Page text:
Brain-Computer Interfacing and Games

  • Danny Plass-Oude Bos
  • Boris Reuderink
  • Bram van de Laar
  • Hayrettin Gürkök
  • Christian Mühl
  • Mannes Poel
  • Anton Nijholt
  • Dirk Heylen
Part of the Human-Computer Interaction Series book series (HCIS)

Abstract

Recently research into Brain-Computer Interfacing (BCI) applications for healthy users, such as games, has been initiated. But why would a healthy person use a still-unproven technology such as BCI for game interaction? BCI provides a combination of information and features that no other input modality can offer. But for general acceptance of this technology, usability and user experience will need to be taken into account when designing such systems. Therefore, this chapter gives an overview of the state of the art of BCI in games and discusses the consequences of applying knowledge from Human-Computer Interaction (HCI) to the design of BCI for games. The integration of HCI with BCI is illustrated by research examples and showcases, intended to take this promising technology out of the lab. Future research needs to move beyond feasibility tests, to prove that BCI is also applicable in realistic, real-world settings.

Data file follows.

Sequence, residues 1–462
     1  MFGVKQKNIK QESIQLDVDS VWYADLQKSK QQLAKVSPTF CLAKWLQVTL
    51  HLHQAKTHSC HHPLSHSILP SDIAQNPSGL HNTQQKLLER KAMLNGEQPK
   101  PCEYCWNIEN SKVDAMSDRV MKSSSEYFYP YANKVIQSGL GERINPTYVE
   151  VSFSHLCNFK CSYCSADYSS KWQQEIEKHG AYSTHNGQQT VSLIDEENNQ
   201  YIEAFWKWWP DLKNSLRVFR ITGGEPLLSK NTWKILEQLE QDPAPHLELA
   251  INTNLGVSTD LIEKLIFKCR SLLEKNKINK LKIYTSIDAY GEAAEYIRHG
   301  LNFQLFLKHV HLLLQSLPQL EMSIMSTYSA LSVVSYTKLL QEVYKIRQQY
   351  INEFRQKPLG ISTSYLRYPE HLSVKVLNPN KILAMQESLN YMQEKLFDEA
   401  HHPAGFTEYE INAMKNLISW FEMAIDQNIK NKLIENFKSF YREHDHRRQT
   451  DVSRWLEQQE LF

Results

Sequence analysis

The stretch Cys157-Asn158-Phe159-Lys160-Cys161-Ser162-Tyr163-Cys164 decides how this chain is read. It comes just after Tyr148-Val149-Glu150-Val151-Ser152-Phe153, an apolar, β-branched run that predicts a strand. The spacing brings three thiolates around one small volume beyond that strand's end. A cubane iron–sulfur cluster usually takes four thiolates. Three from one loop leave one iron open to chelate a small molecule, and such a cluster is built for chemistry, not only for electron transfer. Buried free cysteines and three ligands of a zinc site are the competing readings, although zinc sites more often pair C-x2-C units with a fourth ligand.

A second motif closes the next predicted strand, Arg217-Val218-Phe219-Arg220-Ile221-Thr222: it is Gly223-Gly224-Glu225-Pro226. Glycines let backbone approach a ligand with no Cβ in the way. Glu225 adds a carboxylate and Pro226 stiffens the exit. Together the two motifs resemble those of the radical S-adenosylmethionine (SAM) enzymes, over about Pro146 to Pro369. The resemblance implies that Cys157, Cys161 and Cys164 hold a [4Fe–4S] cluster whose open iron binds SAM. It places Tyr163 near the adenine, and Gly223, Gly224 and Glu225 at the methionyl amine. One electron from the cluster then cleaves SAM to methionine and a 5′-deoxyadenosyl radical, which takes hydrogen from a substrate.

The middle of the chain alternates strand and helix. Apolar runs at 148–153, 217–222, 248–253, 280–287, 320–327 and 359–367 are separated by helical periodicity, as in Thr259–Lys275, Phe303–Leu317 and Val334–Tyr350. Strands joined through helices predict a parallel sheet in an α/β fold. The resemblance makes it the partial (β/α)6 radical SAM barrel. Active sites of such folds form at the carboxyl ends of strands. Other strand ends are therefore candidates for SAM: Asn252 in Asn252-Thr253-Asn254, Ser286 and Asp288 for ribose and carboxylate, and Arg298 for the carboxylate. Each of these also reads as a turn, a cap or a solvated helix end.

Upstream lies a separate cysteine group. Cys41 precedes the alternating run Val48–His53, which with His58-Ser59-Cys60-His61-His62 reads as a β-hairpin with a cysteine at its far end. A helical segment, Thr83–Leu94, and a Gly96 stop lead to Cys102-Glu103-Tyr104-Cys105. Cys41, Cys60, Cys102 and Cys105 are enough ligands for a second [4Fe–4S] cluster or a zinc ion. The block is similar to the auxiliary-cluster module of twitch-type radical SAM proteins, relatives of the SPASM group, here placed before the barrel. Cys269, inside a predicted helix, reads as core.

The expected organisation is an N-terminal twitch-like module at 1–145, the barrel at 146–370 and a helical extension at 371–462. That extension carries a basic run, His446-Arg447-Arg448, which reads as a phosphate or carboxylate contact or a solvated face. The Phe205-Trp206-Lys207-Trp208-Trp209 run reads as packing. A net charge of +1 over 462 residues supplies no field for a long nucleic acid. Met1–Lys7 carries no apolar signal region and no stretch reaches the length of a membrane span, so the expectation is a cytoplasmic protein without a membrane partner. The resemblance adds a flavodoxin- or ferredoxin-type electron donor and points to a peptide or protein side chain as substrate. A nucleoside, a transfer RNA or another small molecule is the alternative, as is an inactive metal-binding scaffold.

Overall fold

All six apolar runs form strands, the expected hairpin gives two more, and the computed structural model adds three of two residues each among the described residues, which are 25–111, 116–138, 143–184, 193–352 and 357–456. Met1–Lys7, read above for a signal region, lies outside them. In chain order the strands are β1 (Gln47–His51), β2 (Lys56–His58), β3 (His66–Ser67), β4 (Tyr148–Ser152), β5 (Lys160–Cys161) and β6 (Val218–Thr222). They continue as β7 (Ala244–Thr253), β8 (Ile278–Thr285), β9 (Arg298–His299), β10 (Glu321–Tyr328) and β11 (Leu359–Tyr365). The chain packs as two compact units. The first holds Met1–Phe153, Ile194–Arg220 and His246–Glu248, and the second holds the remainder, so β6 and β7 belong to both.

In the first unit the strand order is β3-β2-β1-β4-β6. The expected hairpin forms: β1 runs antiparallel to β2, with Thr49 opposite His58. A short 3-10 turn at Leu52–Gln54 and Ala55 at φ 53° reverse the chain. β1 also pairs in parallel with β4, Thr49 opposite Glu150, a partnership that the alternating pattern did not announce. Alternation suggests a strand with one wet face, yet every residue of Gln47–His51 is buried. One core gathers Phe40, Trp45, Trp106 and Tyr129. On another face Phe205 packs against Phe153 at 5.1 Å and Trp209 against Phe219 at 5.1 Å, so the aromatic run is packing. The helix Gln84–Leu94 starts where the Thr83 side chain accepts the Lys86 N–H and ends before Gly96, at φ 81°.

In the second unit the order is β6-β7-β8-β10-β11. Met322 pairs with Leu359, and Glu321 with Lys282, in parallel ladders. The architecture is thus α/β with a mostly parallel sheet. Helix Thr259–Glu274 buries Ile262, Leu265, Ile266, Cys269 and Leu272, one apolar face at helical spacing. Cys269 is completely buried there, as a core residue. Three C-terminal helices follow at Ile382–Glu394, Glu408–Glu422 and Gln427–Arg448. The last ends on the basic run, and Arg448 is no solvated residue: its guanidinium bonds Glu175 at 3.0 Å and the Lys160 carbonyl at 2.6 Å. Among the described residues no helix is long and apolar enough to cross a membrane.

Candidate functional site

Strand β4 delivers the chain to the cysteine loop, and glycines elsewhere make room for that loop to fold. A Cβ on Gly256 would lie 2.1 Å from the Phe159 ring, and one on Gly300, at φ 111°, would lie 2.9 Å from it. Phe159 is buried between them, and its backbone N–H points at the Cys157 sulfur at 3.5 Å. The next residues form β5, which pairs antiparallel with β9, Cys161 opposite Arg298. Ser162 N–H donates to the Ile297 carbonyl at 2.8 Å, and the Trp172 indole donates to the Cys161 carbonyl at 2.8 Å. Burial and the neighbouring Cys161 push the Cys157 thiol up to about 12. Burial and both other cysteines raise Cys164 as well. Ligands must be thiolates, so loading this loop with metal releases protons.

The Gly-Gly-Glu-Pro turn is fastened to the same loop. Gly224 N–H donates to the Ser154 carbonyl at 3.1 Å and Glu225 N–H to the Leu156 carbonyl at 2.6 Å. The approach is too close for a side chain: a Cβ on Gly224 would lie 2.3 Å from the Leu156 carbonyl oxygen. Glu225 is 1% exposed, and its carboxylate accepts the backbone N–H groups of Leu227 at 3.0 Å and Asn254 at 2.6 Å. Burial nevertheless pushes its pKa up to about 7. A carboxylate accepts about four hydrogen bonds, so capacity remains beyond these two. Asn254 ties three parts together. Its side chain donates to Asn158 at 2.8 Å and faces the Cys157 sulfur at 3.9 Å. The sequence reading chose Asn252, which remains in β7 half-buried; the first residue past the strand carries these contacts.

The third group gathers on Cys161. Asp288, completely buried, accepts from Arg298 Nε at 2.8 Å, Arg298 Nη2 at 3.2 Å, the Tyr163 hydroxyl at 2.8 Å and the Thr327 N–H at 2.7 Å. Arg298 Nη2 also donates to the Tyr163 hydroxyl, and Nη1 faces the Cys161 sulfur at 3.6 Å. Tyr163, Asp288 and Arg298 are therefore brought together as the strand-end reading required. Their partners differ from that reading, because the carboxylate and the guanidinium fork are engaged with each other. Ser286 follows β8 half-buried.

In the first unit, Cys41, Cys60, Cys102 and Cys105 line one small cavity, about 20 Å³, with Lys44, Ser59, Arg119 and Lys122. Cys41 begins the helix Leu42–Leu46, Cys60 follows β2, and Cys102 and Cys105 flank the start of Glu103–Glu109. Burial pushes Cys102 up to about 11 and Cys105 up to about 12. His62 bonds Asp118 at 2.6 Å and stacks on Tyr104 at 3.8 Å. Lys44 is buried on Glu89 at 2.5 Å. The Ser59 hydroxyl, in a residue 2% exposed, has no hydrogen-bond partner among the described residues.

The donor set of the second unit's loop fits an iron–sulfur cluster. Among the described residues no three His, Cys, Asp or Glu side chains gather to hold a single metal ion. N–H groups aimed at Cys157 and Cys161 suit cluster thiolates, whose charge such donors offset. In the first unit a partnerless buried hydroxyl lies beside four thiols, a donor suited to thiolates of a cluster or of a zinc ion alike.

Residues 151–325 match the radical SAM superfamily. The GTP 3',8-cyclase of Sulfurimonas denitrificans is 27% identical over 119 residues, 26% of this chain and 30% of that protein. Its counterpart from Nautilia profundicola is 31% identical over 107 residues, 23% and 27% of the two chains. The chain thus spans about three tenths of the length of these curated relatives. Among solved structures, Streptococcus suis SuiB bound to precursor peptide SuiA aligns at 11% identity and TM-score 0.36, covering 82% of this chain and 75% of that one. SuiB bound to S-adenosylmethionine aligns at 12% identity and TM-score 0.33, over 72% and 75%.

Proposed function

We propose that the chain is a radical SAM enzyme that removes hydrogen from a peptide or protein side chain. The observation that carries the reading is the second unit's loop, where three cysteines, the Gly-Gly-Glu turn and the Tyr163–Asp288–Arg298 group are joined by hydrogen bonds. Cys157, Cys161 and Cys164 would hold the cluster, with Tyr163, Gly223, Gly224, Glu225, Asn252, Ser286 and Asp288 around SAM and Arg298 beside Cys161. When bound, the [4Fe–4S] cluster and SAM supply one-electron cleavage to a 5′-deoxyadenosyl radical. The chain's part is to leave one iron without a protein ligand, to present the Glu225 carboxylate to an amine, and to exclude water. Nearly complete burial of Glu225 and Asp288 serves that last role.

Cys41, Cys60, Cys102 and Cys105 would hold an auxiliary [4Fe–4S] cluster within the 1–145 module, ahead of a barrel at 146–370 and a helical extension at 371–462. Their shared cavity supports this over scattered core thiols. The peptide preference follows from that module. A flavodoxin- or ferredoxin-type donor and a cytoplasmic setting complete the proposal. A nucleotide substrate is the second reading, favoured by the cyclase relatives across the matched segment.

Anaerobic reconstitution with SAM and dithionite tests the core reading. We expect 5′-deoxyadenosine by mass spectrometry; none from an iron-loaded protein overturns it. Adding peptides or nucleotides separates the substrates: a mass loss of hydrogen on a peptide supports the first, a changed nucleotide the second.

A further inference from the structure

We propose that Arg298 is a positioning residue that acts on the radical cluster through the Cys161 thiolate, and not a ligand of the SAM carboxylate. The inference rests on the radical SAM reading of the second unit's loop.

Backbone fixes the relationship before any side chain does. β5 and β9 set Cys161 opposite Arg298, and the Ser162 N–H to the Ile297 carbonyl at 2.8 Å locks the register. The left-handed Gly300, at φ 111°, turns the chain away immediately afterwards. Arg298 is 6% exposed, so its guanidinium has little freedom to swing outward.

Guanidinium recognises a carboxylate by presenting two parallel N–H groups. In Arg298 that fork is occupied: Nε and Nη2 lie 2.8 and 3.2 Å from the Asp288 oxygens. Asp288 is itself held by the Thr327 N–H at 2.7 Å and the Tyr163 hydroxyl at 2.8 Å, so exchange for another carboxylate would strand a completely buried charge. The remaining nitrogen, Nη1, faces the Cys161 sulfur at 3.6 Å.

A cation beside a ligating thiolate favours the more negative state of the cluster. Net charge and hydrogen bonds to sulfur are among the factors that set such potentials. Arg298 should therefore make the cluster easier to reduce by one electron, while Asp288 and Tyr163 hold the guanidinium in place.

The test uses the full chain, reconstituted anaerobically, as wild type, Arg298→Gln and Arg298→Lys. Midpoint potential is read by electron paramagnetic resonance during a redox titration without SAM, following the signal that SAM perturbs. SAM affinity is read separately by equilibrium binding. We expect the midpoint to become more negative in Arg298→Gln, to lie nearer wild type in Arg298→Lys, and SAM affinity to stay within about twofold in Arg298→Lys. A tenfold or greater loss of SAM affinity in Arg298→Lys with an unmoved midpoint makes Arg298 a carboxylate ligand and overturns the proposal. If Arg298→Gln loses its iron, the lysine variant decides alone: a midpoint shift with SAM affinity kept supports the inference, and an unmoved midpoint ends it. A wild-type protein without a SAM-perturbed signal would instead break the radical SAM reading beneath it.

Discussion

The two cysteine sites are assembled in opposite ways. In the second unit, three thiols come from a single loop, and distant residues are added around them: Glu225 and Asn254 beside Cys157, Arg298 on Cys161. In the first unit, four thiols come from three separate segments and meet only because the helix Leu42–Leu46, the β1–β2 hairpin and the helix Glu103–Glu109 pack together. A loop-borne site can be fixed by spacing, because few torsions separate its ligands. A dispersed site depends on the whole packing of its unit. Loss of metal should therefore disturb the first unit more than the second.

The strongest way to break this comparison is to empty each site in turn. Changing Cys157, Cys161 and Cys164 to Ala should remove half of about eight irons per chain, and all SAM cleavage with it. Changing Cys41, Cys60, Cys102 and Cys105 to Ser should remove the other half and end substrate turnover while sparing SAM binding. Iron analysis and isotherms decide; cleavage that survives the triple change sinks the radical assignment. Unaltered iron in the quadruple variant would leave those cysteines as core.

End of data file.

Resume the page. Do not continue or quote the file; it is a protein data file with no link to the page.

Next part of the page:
Notes

Acknowledgements

This work has been supported by funding from the Dutch National SmartMix project BrainGain on BCI (Ministry of Economic Affairs) and the GATE project, funded by the Netherlands Organization for Scientific Research (NWO) and the Netherlands ICT Research and Innovation Authority (ICT Regie).

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Copyright information

© Springer-Verlag London Limited 2010

Authors and Affiliations

  • Danny Plass-Oude Bos
    • 1
  • Boris Reuderink
    • 1
  • Bram van de Laar
    • 1
  • Hayrettin Gürkök
    • 1
  • Christian Mühl
    • 1
  • Mannes Poel
    • 1
  • Anton Nijholt
    • 1
  • Dirk Heylen
    • 1
  1. 1.Faculty of EEMCSHuman Media Interaction, University of TwenteEnschedeThe Netherlands

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